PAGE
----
69 The Commission does not dispute that the anti-pollution surveillance exercised where petroleum products are being loaded and unloaded constitutes a service in the public interest of an economic nature. However, considering that SEPG formed part of the CAP at the time of the events in question, the Commission argues that the CAP and SEPG constitute a single economic entity, so that any measure taken by SEPG may be directly imputed to the CAP. Referring to the judgment in Merci, (60) it considers that the Court of Justice has on a number of occasions held that the CAP possesses all of the traits necessary to be deemed an undertaking within the meaning of Article 86 of the Treaty.

70 The Commission further claims that in order to answer the question whether there is a dominant position and whether the invoices issued by SEPG represent an unwarranted additional service, unconnected with the subject-matter of the contract and such as to constitute the abuse of a dominant market position, the making available to users in the Porto Petroli of Genoa of installations and equipment for loading and unloading petroleum, petrochemical and chemical products has to be regarded as being the activity of an undertaking. That, according to the Commission, is because Calì asked to use the equipment and that service goes hand-in-hand with the obligation to use the surveillance and intervention service in the event of pollution that SEPG provides.

71 That line of argument from the United Kingdom Government and the Commission cannot be accepted. I consider that it is solely the nature of the activities of SEPG, and not whether or not it forms a single economic entity with the CAP, that is the crucial element that will enable us to determine whether or not the activities of SEPG make it an undertaking whose conduct will have to be examined in the light of Articles 86 and 90 of the Treaty. (61) That, moreover, is the question referred to the Court of Justice by the national court, and, in order to provide a helpful solution, I do not consider it necessary to analyse whether the CAP constitutes an undertaking within the meaning of Article 86 and, more specifically, an undertaking entrusted with operating a service of general economic interest.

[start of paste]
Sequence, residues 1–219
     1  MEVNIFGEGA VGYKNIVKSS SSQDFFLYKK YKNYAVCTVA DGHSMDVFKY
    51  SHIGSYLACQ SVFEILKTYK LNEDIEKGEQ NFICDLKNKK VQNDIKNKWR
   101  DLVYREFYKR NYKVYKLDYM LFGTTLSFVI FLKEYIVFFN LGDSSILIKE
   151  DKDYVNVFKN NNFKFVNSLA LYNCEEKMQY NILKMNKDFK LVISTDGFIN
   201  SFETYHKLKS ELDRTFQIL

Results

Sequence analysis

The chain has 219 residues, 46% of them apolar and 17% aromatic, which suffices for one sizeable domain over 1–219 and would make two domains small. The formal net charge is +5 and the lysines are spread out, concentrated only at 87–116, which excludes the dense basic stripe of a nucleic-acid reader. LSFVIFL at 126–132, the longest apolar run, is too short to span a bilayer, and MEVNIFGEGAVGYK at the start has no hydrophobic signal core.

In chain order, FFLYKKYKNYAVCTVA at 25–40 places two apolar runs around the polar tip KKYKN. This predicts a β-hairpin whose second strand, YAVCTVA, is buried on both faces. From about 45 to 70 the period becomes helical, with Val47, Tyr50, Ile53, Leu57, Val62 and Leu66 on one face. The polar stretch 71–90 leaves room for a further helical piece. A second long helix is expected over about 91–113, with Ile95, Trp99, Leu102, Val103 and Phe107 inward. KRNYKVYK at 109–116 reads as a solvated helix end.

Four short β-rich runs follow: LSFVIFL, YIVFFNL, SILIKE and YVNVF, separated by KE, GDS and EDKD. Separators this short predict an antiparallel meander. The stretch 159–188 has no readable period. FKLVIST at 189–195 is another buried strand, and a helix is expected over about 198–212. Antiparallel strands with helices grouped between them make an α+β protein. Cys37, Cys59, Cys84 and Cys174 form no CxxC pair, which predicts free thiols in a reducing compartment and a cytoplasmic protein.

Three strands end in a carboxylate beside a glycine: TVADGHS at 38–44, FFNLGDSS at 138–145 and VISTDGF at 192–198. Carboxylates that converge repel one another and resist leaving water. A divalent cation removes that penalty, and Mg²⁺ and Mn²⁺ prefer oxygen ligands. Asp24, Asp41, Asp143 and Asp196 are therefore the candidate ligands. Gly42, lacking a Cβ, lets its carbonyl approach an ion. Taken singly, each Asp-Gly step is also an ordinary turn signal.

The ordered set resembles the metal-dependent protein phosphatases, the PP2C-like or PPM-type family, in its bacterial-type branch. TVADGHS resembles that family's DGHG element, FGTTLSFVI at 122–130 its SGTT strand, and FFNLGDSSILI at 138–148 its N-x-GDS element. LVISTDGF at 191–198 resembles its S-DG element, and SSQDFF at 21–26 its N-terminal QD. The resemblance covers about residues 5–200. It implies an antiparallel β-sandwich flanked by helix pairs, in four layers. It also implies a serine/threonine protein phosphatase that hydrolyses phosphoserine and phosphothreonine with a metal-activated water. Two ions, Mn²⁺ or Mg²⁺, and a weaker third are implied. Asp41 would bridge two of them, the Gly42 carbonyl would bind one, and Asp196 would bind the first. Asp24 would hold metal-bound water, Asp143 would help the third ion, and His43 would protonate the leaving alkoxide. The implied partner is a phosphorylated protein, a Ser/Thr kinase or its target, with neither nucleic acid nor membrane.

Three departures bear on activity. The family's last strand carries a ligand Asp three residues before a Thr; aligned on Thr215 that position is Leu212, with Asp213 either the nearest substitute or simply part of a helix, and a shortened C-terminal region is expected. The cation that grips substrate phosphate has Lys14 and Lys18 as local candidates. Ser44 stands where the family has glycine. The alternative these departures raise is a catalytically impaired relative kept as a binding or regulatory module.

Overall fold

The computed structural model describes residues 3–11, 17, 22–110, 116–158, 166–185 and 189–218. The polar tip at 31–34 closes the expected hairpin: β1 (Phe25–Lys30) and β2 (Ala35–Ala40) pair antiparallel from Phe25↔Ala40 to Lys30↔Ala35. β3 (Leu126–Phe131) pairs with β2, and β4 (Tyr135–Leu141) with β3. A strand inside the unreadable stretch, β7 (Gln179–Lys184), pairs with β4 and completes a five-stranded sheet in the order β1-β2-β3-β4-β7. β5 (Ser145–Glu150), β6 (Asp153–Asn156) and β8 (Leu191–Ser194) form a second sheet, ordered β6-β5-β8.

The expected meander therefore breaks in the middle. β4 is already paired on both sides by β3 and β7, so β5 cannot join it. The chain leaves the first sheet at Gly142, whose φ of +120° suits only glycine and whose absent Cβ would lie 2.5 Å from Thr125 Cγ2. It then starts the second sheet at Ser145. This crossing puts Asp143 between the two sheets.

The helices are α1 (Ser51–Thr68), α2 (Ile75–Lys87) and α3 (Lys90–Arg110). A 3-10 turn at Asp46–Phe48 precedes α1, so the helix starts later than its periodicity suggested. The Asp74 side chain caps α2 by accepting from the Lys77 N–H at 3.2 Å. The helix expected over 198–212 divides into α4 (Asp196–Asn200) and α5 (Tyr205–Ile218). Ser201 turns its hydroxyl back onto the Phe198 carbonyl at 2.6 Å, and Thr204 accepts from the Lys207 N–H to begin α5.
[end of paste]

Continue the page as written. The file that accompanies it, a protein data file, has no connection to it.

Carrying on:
72 In addition to the above considerations, it is worth pointing out that it is clear from the judgment in Merci (62) that the Court is referring not to the CAP but specifically to `an undertaking' of a Member State `such as the Port of Genoa company'. (63) That is to say that the Court did not in fact establish whether the CAP constituted an undertaking under Article 86 but whether two specific entities constituted an undertaking. (64) To be precise, the Court found, with reference to the market in the organization, on behalf of third parties, of dock work with regard to ordinary freight in the Port of Genoa (65) and the actual performance of such dock work by a specific dock-work company, (66) that that dock-work undertaking and/or company had a dominant position but could not be held to be `entrusted with the operation of services of general economic interest' within the meaning of Article 90(2) of the Treaty, (67) without ascertaining the extent to which the CAP as a whole constituted an undertaking. (68)